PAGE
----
In the city of Palermo, in Sicily, Italy, lies one of Europe's most macabre tourist attractions.

In the catacombs beneath the Capuchin monastery lie mummies up to 400 years old - but, many with flesh still intact and wearing their clothes, it looks like many of them have been dead just a few days or weeks.

One of the more recent corpses is that of a two year old girl who died in 1920 but, with a yellow ribbon in her blonde hair, it's as though she died yesterday...

Locked in time... the 400-year-old mummies (and one little girl)

By Jane Fryer
29th January 2009
Daily Mail

With her crumpled yellow hairbow and grubby face, pretty little Rosalina looks as though she's just flaked out for a nap after a morning spent playing in the garden.

In fact, she has been lying in her tiny, wooden, glass-topped coffin in the catacombs beneath the Capuchin monastery in Palermo, Sicily, for almost 90 years - skilfully and shockingly preserved to look just as she did when she died of a bronchial infection in December 1920, aged two.

And she is not alone. In the vast, musty-smelling catacombs are nearly 2,000 mummified corpses, many of them more than four centuries old - Rosalina was one of the last to enter this strange underground resting place, before the authorities banned the process.

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Underground resting place: Many of the mummified corpses in the catacombs beneath the Capuchin monastery in Palermo, Sicily, are more than four centuries old

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Preserved: Rosalina died in 1920, aged two

As these extraordinary photographs show, some are resting in open wooden boxes like Rosalina, others are arranged straight-backed on benches, while many hang from the walls in ghoulish rows - heads lolling and in various stages of decay.

Some have a nose or a stretch of cheek still in place, others have a clump of wispy hair. All are on display to the public.

The ghoulish display - featured in February's National Geographic Magazine - dates back to the 16th century, when the monks outgrew their cemetery, started excavating crypts beneath it and discovered that the combination of the coolness of the crypt and the porous limestone walls meant corpses dried out, rather than rotted.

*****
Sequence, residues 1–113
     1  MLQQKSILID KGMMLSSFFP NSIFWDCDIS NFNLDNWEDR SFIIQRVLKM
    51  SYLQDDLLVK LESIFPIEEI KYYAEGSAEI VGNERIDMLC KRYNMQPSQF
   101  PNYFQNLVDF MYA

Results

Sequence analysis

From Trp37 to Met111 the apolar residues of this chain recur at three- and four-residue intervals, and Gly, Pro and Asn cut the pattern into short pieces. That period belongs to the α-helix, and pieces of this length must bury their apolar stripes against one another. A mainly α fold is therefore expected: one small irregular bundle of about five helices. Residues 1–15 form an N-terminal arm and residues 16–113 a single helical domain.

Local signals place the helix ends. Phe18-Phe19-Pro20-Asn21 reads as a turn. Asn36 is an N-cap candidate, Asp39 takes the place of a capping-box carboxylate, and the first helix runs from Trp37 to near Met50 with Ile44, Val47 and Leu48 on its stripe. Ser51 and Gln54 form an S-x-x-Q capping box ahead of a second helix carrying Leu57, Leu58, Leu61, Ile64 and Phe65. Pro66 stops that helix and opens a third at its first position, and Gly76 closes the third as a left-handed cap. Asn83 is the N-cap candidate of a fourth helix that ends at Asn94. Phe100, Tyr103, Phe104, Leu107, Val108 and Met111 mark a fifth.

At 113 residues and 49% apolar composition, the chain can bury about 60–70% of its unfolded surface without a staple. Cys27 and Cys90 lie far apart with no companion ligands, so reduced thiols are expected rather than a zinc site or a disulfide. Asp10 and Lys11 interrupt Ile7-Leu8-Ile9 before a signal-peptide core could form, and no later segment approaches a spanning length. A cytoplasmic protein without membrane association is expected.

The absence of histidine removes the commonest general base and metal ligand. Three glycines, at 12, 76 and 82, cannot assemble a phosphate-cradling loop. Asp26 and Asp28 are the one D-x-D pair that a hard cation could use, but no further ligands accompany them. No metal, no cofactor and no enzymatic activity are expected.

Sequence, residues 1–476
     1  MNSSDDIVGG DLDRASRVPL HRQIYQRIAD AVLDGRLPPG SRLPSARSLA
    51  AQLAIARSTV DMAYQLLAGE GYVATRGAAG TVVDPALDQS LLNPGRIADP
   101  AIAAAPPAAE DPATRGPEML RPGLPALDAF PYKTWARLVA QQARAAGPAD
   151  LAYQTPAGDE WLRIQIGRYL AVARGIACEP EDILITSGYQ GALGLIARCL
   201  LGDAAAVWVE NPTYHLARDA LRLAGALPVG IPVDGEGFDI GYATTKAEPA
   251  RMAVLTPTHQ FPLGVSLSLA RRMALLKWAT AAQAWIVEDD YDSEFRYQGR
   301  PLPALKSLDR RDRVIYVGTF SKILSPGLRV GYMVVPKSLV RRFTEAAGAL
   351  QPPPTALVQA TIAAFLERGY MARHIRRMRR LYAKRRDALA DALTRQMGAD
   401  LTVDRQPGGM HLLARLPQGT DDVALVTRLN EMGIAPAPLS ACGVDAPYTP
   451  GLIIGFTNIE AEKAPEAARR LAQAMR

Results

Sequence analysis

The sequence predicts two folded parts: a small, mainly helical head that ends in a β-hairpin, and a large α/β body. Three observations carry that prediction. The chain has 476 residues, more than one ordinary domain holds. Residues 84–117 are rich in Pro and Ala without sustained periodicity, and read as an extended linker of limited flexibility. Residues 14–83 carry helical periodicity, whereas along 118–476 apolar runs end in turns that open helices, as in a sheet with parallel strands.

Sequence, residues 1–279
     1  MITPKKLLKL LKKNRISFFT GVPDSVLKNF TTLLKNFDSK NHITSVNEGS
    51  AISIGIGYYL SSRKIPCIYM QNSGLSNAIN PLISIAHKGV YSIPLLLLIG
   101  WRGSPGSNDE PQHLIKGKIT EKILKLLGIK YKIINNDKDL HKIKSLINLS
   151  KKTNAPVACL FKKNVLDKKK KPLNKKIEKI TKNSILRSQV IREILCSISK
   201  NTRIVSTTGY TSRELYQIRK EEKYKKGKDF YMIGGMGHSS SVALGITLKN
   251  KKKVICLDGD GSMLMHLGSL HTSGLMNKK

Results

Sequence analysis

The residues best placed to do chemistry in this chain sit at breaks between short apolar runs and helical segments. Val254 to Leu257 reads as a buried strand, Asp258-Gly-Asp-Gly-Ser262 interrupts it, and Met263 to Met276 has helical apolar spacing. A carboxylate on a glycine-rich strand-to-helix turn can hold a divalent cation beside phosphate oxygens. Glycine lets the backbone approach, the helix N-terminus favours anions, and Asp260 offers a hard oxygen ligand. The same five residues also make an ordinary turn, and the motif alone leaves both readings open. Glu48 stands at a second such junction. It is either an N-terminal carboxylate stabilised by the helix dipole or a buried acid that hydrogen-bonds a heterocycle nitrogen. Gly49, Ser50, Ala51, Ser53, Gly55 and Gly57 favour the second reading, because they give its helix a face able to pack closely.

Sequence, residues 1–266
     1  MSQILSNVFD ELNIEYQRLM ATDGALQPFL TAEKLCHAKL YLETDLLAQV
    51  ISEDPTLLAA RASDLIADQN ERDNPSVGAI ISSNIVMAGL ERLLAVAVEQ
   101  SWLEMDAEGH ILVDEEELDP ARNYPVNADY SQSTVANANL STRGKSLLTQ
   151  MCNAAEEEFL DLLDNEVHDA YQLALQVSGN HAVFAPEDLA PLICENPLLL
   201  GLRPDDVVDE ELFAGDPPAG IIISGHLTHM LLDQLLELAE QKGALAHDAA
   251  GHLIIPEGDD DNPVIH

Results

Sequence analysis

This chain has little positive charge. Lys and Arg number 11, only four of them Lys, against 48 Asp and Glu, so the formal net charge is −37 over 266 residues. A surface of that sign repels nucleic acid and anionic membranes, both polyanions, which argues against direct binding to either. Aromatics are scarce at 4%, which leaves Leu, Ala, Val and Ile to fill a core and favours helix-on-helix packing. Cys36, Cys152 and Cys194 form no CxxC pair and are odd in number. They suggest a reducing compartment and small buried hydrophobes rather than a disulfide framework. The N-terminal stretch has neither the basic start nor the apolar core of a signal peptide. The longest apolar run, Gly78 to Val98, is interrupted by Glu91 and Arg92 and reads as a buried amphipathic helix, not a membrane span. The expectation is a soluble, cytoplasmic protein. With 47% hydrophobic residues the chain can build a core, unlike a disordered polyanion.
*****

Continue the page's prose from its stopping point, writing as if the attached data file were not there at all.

The first and oldest corpse is brother Silvestro of Gubbio, who died in 1599 and, 410 years on, is still dressed in his flowing religious robes.

The embalming process was remarkably simple.

The newly dead were undressed and laid out on racks of ceramic pipes in special chambers where their bodily fluids gradually drained out and the remains became desiccated.

After seven or eight months, the fluids had drained out and the bodies were doused with vinegar, redressed and put in coffins, or hung on the wall - depending on their family's wishes.

The photographs feature in February's National Geographic magazine

The catacombs are divided into distinct areas. As well as the priests, one wall is devoted to women - an eerie sight with their disintegrating hooped skirts and ragged parasols - and a separate side chapel houses virgins.

A ' professional' section is home to professors, doctors, teachers, lawyers and soldiers - all dressed according to their trade.

Then there's the chapel for children, all dressed in their best party clothes.

In more recent times, an elaborate preservation system was adopted, using chemical injections.

Rosalina was one of these and so successful was her embalming that, until recently, locals believed she was a doll.

X-rays of her tiny body show her organs are astonishingly intact.

While it makes an horrific and ghoulish tourist attraction, the remains are incredibly informative for scientists, who can learn about diet, diseases and life-expectancy in past centuries.

For more pictures, visit:

Sicily Crypts National Geographic Magazine